June 20, 2019
  • 9:21 pm The Bulletin’s Public Records Request Offers Springboard to Launch Gender Equity Discussion at CSUDH
  • 4:27 pm Black is the New Black: Raising the Capital on the “B” Word
  • 10:53 am Guns Up for Arrest: Student advocacy group pushes for CSU No Gun Zones–Including the Police
  • 4:09 pm Staff Editorial: Words on the First
  • 8:42 pm Carson Mayor Blasts Media, Landmark Libel Case in Keynote Address
  • 9:27 am Free Speech Week Calendar of Events Update
  • 6:02 am Food for Thought: 40% of Students are Food Insecure
  • 3:12 pm Academic Senate Rejects CSU GE Task Force & Report
  • 3:06 pm Work To Be Done
  • 5:56 pm ASI Elections: What You Need to Know
  • 8:02 pm CSUDH President Parham Announces Cancer Diagnosis
  • 9:47 am CSUDH Art Professor’s 20-Year Journey Results in First Local Showing of Film
  • 9:13 pm Free Speech or Free Hate area?
  • 9:08 pm CSUDH’s Best & Brightest Shine at Student Research Day
  • 9:05 pm Academic Senate Approves Gender Equity Task Force
  • 12:37 pm When Dr. Davis speaks, Toros Pay Close Attention
  • 3:38 pm Investing in the Future: Dr. Thomas A. Parham Reflects on the Past Eight Months and Contemplates​ the University’s Future
  • 3:24 pm Green Olive to Open By End of Feb; Starbucks Not Until Fall
  • 3:20 pm Gov. Newsom’s Proposed Budget Hailed for Extensive Funding Increases
  • 3:08 pm Out of the Classroom: Labor and Community Organizing Course Aims to Teach Students How to Organize for Social Justice
  • 2:54 pm The Other Route in Professional Sports
  • 9:02 am Hail to the New Chief, CSUDH President Thomas Parham
  • 3:36 pm Career Center Holds Major/Minor Fair
  • 5:34 pm After Unexpected Delay, Undocumented Becomes More Intimate Theatrical Production
  • 1:30 pm What to Expect When You’re Expecting New Buildings
  • 8:37 am University Police Investigating Possible Hate Symbol Found on Campus
  • 12:31 pm FOR JAMI
  • 12:30 pm Tenure on Track?
  • 12:27 pm MBA In Limbo


Once again, students attending one of the 23 CSU campuses are facing a potential tuition increase.
Word of the tuition hike floated around at a CSU Board of Trustees meeting last month. However, more-official discussion on if, or possibly when it would be implemented, will not be made until January.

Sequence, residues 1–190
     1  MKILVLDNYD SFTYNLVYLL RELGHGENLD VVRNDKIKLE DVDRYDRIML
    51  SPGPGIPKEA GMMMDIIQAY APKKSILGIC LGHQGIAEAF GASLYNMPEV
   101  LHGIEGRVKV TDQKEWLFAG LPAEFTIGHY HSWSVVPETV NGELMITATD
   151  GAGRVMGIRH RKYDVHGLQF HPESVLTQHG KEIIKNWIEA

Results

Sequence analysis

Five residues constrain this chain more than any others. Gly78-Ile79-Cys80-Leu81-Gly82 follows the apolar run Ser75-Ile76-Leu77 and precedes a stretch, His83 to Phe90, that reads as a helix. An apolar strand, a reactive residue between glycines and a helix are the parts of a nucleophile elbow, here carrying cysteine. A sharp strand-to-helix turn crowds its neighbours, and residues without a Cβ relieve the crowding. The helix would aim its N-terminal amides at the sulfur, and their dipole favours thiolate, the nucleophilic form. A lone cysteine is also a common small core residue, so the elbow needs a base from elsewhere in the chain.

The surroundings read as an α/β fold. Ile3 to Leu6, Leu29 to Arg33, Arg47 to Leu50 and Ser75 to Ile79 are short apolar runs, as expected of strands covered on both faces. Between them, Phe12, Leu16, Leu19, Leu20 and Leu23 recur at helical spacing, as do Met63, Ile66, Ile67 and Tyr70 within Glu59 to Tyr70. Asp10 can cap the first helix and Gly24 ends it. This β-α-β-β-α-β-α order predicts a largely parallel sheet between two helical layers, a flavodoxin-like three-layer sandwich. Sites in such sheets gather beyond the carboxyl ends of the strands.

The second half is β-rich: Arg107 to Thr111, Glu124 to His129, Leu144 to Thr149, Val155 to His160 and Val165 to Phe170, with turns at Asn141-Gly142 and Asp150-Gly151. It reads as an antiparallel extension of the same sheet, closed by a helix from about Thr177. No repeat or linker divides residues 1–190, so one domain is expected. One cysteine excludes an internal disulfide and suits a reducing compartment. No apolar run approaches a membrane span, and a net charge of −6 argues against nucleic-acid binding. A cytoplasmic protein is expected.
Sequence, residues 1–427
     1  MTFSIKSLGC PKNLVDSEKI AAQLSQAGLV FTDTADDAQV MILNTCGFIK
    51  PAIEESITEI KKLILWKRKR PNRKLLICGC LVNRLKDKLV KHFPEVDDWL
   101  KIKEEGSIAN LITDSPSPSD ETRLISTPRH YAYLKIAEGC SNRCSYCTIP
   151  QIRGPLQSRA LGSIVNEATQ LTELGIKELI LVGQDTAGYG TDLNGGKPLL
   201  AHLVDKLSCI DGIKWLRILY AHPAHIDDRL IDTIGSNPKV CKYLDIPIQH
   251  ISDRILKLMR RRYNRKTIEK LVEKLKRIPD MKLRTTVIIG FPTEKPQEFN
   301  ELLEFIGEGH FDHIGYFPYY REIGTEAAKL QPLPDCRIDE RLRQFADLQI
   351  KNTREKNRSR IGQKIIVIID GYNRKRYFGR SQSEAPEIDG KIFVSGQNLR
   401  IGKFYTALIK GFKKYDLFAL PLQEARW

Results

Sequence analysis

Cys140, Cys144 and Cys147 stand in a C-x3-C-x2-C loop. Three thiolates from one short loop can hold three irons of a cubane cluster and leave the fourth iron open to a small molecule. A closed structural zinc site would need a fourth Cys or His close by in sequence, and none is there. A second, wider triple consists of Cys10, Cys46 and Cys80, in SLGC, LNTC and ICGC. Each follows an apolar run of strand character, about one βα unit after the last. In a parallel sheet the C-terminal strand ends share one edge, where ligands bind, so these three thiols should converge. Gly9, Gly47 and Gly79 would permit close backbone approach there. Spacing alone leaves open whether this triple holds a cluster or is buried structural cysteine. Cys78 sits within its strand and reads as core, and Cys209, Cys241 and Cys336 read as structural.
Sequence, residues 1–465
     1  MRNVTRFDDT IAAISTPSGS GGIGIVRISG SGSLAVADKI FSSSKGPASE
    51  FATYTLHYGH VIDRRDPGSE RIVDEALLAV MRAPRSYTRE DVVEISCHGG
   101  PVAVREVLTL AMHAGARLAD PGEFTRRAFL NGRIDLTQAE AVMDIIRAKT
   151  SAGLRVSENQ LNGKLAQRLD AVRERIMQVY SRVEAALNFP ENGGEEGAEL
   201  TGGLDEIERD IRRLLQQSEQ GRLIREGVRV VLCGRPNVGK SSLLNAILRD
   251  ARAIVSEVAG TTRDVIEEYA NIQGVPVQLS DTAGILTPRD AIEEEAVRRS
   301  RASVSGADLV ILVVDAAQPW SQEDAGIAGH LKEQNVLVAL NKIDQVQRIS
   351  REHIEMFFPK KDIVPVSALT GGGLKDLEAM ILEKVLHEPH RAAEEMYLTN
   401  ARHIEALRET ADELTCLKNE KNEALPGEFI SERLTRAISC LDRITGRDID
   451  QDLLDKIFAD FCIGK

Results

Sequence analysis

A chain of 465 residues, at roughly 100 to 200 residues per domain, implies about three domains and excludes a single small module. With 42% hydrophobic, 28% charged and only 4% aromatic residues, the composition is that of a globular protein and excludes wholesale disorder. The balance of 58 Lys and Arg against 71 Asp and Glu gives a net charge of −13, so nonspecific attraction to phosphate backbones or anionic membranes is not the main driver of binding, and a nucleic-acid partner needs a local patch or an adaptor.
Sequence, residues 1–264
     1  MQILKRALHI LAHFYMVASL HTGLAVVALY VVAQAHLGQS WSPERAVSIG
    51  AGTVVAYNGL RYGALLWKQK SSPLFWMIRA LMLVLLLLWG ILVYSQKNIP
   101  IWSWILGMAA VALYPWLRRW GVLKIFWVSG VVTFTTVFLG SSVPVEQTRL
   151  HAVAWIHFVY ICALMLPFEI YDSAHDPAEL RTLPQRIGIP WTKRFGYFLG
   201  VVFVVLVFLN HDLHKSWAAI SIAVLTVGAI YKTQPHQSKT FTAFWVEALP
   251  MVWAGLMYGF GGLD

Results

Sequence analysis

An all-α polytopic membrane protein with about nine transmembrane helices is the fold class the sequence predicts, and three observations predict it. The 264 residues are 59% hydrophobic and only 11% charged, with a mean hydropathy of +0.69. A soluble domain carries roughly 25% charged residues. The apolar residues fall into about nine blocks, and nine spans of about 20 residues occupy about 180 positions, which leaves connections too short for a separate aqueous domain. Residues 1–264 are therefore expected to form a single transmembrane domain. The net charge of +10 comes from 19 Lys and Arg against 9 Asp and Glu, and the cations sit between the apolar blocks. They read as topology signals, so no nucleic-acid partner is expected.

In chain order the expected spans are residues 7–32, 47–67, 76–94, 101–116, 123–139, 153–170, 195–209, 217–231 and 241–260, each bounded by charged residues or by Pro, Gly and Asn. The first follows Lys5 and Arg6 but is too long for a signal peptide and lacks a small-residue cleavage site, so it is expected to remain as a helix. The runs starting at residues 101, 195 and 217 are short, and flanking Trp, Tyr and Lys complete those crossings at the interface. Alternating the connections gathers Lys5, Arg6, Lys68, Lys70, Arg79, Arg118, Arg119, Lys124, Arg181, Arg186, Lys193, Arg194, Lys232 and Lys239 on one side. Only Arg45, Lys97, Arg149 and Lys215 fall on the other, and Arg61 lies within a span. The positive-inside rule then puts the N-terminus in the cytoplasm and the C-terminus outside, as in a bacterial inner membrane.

Demonstrators from Cal State Dominguez Hills, Cal State Long Beach and other CSU campuses, came together at CSU Headquarters in Long Beach to protest the potential increase.
Many students are worried that another tuition hike, raising fees to about $5,743, would effectively price them out of a higher education.
We, as students, are in a difficult situation. The economy sucks, we can’t get decent-paying jobs, and our education is becoming completely unaffordable. Paying for tuition is already hard enough, and some of us are barely getting by.
The possibility of tuition increasing is a terrible position in which to put students. Many would agree that today tuition is already too expensive, not even factoring in the increase.
Compared to other countries that go to college for free, or are even paid to attend college, financing a higher education in the United States is a joke. You almost have to sell a kidney and your first born just to attend for a semester, not to mention all of the add-ons. A $65 fee to apply for graduation? Really?
It’s safe to say that for the majority of us, Sen. Bernie Sanders (D-Vermont) had our vote for president. We were hoping that one day, we would be able to pursue an education and not have to declare bankruptcy, or be stuck paying student loans for the next 20 years.
Instead we got Donald Trump, and what happens next is anybody’s guess. But with no relief in sight, where does it end?
A report by the CSU shows that administrators are aware that some students at CSUDH, and other campuses, have issues with homelessness and food insecurity.
If someone really has to choose between eating and having a place to live, and their tuition, what does that say about how our country values education, values us, values the future?
As the next generation to take the reins of society, we will be inheriting the fruits of today’s labor. The question is, do we want to pick those fruits? Is this a world we want to live in?
Faculty, staff and students coming together to march through campus displays a powerful message: that we’re willing to take this journey together. However, if tuition hikes and increases are in the future, that journey will be much more difficult for everyone involved.
Hopefully, the Board of Trustees will come to their senses and invest less in administrator salaries and more in education, more in us, and more in the future.



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